Susan Powter is my virtual mentor. (She doesn’t know it, but that doesn’t matter.)

#60M2IM Day 5/100

I have a confession to make.

In the 1990s, when my life was falling apart and I was still close enough to my athletic past to feel it being smothered in the weight I was gaining after back-to-back pregnancies and a swiftly-tilting marriage that was on the verge of implosion, I was obsessed with Susan Powter.

I read her books. I bought her little kit with the stretchy exercise band and the fat calipers. I learned how to do the fat calculation.

I put a little piece of tape over that little square hole on old VCR tapes so that I could record her infomercial over a thrift-store copy of a collection of Popeye cartoons.

I watched it over and over. It was like having a really cool aunt who’d already gone through the whole babies-too-young/imploding-marriage thing, and who used to be fat, but wasn’t anymore, tell me what I needed to do.

Eat. Move. Breathe.

I got fat anyway. Or fatter. Even a 1990s guru wasn’t enough to bust through the food coma that was my survival mechanism during my 20s. But it was good advice then and, frankly, it’s still good advice. So good that I find myself thinking about it now, a few decades later.

I still love Susan Powter in that weird way that you can love someone who doesn’t know you exist. Here’s why:

She told women it was okay to eat.

Susan Powter made her name by telling women they could eat a small order of french fries or a dozen potatoes (or something along those lines.) She insisted, loudly, that food wasn’t the enemy.

Because I’ve lost a lot of weight, I find myself sometimes on the receiving end of tales of sorrow. Every now and then, someone will tell me that they can’t lose any weight at all unless they cut back to some ridiculously low number of calories. 1200. 800. Even 500.

Thanks to Susan Powter, I never believed that I needed to cut calories that low. But I would have sworn that I was gaining weight on 1800 calories.

Then I went months eating 1200 calories. I lost 120 pounds in six months and my hair fell out. I promise you that a 600 calorie deficit did not do that.

Calories are necessary to life. And good hair.

She made it okay to be the crazy lady in the back of the class.

In Stop the Insanity, Susan Powter tells a story about joining a gym and being the fat woman in the back of the class doing one quarter of the repetitions her aerobics instructor (this was the 90s, after all) called out.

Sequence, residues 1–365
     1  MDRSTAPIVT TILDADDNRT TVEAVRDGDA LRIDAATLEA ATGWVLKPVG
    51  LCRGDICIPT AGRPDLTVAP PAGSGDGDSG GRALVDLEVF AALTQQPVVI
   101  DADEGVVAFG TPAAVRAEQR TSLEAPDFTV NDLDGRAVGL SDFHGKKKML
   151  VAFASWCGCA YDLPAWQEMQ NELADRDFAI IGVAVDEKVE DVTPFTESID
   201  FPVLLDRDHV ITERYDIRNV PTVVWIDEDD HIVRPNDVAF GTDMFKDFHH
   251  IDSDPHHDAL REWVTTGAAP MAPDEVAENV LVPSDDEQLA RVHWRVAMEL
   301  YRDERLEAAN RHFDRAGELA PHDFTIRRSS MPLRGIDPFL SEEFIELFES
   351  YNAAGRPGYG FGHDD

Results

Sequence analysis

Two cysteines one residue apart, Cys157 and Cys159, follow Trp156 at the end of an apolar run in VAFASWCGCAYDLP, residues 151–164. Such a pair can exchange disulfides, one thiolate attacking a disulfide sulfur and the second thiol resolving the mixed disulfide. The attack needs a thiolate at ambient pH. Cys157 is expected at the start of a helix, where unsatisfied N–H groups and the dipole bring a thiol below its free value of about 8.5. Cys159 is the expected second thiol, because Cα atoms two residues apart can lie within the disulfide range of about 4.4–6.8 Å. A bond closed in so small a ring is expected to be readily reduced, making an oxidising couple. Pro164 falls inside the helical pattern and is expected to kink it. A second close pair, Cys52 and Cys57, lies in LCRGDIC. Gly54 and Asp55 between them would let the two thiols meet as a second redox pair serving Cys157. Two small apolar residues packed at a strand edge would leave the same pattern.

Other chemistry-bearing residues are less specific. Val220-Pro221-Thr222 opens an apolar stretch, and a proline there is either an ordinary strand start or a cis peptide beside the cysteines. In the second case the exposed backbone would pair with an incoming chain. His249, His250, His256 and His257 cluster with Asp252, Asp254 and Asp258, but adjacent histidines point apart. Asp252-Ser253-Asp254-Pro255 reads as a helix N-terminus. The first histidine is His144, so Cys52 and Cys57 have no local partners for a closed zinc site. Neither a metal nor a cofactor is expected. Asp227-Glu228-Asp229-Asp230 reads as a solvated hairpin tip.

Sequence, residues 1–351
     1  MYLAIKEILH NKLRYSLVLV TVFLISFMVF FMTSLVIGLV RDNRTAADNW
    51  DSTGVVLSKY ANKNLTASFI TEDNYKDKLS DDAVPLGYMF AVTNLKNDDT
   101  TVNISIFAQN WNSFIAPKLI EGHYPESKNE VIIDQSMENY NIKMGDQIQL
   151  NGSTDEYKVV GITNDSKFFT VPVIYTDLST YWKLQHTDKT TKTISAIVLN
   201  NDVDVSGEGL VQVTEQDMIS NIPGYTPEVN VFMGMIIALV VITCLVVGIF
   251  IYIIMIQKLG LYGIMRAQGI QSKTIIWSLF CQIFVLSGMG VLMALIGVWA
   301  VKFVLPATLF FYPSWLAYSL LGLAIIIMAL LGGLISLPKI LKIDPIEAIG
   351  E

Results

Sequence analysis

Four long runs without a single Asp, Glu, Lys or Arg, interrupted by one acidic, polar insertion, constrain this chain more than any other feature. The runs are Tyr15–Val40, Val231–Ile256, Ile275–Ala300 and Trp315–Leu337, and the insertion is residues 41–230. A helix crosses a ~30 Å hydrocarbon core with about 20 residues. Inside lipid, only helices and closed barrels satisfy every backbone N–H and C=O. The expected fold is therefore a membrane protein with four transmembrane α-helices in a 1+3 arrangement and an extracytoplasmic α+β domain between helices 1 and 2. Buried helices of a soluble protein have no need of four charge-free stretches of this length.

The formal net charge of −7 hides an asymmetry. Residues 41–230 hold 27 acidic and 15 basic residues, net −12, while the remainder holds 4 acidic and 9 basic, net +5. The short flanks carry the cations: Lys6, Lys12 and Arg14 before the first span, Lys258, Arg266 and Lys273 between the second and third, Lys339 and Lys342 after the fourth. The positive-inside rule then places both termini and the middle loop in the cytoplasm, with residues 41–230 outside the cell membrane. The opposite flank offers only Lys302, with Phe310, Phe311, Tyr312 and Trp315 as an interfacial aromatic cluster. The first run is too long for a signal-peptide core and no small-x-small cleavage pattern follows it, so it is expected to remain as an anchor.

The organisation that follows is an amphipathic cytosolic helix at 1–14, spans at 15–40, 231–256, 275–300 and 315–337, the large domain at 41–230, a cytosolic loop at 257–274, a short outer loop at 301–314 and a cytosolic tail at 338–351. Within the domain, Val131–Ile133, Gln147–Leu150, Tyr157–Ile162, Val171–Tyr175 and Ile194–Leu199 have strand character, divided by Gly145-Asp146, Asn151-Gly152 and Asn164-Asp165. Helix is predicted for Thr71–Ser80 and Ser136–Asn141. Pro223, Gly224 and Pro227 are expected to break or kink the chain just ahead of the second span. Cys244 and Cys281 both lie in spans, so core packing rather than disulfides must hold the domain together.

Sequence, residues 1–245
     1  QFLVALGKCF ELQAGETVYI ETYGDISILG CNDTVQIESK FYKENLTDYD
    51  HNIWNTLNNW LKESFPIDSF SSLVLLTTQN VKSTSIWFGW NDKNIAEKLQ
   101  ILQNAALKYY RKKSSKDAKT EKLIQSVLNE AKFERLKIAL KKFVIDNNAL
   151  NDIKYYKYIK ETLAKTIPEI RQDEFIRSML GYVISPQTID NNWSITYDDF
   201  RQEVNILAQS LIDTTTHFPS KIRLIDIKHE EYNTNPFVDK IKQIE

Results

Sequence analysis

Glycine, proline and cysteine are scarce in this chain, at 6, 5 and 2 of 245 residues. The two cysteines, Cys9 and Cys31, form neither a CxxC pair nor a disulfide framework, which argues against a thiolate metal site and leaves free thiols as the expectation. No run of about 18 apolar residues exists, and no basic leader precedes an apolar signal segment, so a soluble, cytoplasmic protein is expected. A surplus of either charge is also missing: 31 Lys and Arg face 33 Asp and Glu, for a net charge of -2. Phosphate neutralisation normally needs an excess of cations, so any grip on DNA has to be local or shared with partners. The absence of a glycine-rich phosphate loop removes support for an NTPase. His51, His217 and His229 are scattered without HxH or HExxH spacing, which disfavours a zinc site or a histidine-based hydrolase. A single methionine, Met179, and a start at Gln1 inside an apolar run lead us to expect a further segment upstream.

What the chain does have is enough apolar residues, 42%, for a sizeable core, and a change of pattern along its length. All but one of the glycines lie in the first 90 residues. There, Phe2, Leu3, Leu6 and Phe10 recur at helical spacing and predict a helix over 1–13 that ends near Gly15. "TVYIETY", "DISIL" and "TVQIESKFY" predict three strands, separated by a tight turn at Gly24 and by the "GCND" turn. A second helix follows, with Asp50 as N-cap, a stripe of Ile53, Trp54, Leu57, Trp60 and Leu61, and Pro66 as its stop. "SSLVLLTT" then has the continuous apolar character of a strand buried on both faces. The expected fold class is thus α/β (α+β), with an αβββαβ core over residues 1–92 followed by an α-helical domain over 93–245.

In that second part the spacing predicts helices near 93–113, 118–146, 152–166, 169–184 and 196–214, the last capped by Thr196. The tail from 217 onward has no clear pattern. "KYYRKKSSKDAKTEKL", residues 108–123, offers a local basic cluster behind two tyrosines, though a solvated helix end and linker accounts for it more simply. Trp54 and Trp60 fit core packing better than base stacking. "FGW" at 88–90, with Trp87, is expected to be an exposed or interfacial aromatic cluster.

One left lift for every four. One arm press for every four.

And she just marched in place when the grapevines started.

Her buzz word was modification, and it remains brilliant. Do what you can, do it with good form, and keep improving.

She reminded me to breathe.

I can’t even tell you how badly I just needed to breathe in the mid-1990s.

I married my high school sweetheart. I loved him. He saved me, just like Jack saved Rose, in every way a person can be saved. Only, instead of drowning in the freezing cold ocean, he left me for some skinny little slut.

I swear I’m not bitter. I got the best end of that deal all the way around. So, I’m not bitter. Now. But, oh man, I was then. I was so hurt that literally everything hurt, all of the time.

Susan Powter believed, I’m sure she still believes, that oxygen is an elixir. She had a whole cellular theory that made sense to me in the moment when I needed it.

She embraced that 1990s power feminism.

She just did.

Bald. Crazy nails. L.A. Law blouses. Katharine Hepburn-like accent.

She embodied girl power in a time when I felt very little of it in my personal life.

Her Twitter feed is so weird.

Twitter, obvs, wasn’t a thing in her heyday. Can you imagine if it was?

Susan lives in Las Vegas.

Las Vegas is my home town.

I’d love to hang out with her next time I go home.

Hit me up, Susan!


In case you want to start from the start. 
Day: 1. 2. 3. 4.

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Shaunta Grimes is a writer and teacher. She lives in Reno with her husband, three superstar kids, and a yellow rescue dog named Maybelline Scout. She’s on Twitter @shauntagrimes, is the author of Viral Nation and Rebel Nation, and is the original Ninja Writer.

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